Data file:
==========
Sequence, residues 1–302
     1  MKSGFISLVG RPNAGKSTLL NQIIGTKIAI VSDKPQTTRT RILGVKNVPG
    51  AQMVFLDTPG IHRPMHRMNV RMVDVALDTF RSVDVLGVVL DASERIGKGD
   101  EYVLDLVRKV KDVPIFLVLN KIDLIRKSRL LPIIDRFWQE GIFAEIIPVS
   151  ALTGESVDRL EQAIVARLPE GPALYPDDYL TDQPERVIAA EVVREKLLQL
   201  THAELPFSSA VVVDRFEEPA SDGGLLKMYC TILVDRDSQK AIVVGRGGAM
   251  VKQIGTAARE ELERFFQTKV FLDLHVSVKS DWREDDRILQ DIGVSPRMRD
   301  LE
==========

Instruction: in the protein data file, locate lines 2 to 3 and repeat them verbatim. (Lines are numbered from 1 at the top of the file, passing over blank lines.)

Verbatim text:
     1  MKSGFISLVG RPNAGKSTLL NQIIGTKIAI VSDKPQTTRT RILGVKNVPG
    51  AQMVFLDTPG IHRPMHRMNV RMVDVALDTF RSVDVLGVVL DASERIGKGD